Hon. Abongotum, who was on the Floor, has a balance of 58 minutes.
Hon. Members, you need to familiarize yourself with the provisions of Standing Order No.97.
Yes, hon. Speaker. I will try to be as brief as possible.
I had started moving this Motion and told our Members, or the honourable House, that arising from complaints from the public on the issue of this tender by Safaricom, the Committee, in exercising its oversight role or mandate, held a sitting with the Ministry of Interior and Coordination of National Government on Thursday, 5th June, 2014 during which the Committee sought details on the proposed procurement. The Committee sought to establish whether the threshold for direct procurement, as provided for by the Public Procurement and Disposal Act, had been attained, and whether the project offered value for money to taxpayers.
Hon. Speaker, the Committee resolved to have the signing of the contract put on hold until facts relating the project were established and the project approved by the Committee and the National Assembly.
The Committee embarked on the exercise of looking into the matter of the tender for the surveillance and communication system by convening the first sitting on 10th June, 2014. The Committee held a total of eight sittings in which it closely examined the matter and heard evidence from witnesses. The Minutes of the Committee are hereto annexed and copies of the HANSARD Report may be obtained from the National Assembly Library.
The Committee held a meeting with the technical committee at the Ministry of Interior and Coordination of National Government and the Technical Committee, which evaluated and approved the tender for the surveillance and communication system; they provided the genesis of the tendering process and justification for using direct procurement.
Hon. Speaker, the Technical Committee comprises of senior Government officials in the Ministry of Interior and Coordination of National Government and the Ministry of Information, Communication and Technology as well as the National Intelligence Service (NSIS).
The need to get technical information on the safety and suitability of the proposed surveillance system saw the Committee meet officials from the Communications Authority of Kenya as well as independent communication experts. It came to the attention of the Committee that the Communications Authority of Kenya had an on-going court case with Tetra Radio Ltd., a company that won a licence to provide communication system for the police service in 2002. The licence was cancelled and this led to the on-going court case. Tetra Radio Ltd. appeared before the Committee and stated their case. They explained the nature of the court case with the Communication Authority of Kenya, and their legal option should the authority propose that the system be set up by Safaricom Ltd. The electronic version of the Official Hansard Report is for information purposesonly. A certified version of this Report can be obtained from the Hansard Editor.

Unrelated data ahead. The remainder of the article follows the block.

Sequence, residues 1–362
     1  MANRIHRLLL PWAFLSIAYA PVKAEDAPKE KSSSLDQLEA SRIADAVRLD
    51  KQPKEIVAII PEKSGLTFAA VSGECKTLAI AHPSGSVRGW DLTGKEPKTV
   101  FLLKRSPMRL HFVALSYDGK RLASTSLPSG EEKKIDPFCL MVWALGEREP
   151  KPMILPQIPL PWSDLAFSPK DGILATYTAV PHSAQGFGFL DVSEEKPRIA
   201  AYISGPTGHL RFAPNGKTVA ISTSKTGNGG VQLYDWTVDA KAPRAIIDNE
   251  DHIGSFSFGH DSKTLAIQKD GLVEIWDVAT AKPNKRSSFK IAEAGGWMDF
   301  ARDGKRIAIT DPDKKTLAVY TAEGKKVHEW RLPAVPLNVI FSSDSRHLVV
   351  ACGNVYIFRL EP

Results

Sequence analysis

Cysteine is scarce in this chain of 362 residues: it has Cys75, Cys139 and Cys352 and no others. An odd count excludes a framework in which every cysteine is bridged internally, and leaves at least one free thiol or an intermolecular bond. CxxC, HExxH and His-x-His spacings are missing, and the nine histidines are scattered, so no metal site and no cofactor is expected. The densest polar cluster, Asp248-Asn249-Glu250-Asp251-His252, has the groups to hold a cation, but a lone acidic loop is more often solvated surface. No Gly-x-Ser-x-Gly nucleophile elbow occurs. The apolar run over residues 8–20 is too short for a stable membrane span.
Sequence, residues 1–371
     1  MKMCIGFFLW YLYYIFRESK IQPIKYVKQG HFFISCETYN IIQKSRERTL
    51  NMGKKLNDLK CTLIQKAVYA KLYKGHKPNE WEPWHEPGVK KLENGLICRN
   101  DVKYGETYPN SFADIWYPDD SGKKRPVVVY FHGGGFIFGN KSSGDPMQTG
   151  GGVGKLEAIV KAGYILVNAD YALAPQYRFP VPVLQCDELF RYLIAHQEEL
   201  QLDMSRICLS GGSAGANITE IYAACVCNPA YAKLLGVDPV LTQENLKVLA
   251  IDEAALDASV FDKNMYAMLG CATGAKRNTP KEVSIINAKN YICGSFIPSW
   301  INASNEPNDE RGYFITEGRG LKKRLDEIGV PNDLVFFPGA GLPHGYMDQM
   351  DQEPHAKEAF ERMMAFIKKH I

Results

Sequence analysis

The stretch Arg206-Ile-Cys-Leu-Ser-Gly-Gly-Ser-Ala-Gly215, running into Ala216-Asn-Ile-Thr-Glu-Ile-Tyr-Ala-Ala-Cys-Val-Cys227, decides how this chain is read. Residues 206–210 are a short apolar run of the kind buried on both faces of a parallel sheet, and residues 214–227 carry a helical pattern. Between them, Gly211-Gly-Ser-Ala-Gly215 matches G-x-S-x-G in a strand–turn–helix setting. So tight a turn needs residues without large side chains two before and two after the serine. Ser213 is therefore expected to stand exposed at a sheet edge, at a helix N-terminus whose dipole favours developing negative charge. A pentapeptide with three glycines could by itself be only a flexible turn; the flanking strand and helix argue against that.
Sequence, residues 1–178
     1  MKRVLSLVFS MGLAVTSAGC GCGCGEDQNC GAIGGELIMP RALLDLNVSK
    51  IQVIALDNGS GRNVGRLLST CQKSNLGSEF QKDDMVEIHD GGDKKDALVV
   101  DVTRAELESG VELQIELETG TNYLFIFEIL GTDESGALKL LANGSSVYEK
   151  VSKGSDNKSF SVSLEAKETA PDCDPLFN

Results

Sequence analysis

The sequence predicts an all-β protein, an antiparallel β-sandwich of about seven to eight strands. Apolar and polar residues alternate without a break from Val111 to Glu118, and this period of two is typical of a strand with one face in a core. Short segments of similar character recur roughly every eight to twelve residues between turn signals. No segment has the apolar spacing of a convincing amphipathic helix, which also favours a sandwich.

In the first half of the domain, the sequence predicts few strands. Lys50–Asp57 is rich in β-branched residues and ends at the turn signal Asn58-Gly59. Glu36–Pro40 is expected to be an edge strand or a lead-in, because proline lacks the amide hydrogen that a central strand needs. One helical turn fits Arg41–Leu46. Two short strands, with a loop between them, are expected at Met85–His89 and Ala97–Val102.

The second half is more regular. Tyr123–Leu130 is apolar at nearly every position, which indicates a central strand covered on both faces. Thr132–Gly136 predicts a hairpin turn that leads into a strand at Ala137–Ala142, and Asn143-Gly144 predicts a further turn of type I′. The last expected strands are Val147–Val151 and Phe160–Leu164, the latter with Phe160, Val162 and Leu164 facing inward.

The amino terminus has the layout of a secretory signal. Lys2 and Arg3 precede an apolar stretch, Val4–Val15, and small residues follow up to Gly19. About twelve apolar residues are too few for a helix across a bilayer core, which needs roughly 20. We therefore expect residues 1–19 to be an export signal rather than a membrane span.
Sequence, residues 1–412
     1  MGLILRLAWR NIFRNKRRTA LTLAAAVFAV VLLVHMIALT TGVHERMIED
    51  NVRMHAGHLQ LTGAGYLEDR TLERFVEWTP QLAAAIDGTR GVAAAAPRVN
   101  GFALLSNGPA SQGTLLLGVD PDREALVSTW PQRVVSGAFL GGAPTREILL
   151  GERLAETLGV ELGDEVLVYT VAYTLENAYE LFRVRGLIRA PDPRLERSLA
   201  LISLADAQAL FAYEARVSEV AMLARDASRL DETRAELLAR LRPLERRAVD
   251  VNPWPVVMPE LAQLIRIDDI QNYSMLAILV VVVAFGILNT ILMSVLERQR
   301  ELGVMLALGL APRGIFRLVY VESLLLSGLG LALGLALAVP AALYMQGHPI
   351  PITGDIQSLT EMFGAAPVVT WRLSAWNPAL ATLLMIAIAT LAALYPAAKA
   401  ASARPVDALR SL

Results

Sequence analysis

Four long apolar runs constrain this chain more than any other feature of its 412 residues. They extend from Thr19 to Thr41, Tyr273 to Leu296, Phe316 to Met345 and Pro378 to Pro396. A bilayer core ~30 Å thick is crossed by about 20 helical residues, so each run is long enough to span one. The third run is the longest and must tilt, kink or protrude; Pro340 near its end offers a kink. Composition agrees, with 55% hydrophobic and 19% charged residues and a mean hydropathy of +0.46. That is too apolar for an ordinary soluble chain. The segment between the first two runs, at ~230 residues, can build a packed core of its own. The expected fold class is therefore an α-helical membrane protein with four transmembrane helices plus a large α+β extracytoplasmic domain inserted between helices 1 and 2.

The Committee further met the Cabinet Secretary for Information, Communication and Technology to be able to understand the role of the Ministry in advising the Government on the suitability of the project.
Hon. Speaker, the meeting with Safaricom Ltd. provided details on the process of setting up and implementing the surveillance system, the cost of implementing the project and the Safaricom’s role in the process. The Committee was able to interrogate the company’s capacity to implement the project, as well as have a live demonstration of how the system works and operates.
A meeting with the Cabinet Secretary, the National Treasury, provided the Committee with an opportunity to understand the payment structure and availability of funds for the proposed system. The Committee held a meeting with the Ministry of Interior and Coordination of National Government and the Public Procurement Oversight Authority (PPOA), and the Director of Procurement at the National Treasury. The meeting gave the Committee an opportunity to interrogate the various procurement requirements that had arisen in the course of meetings with other stakeholders.
Hon. Speaker, during the meetings, it emerged that the procurement entity, which is the Ministry of Interior and Coordination of National Government, arrived at the decision to procure directly from Safaricom Ltd. due to protracted nature of the previous tenders for police communication and surveillance system, as well as the need to urgently set up the system to address the runaway insecurity in our country. The network to be used in the proposed system would be built by Safaricom Limited and handed over to the National Police Service for use.
Hon. Speaker, the network to be used in the system will be independent of Safaricom’s commercial network, though it will share passive infrastructure such as base system masts with the commercial network.
Hon. Speaker, Tetra Radio Limited, which won a 2002 tender by the then Communications Commission of Kenya (CCK), now Communications Authority of Kenya (CAK), but had the licence was cancelled by the Commission in 2008 due to their incapability to meet the terms of the tender agreement. So, Tetra Radio Limited moved to court and lodged a claim for the exclusive use of the frequency range 370 and 470 mhz for provision of communication system for the police, which was upheld by the court. The CCK appealed the decision and the case is currently before the Court of Appeal.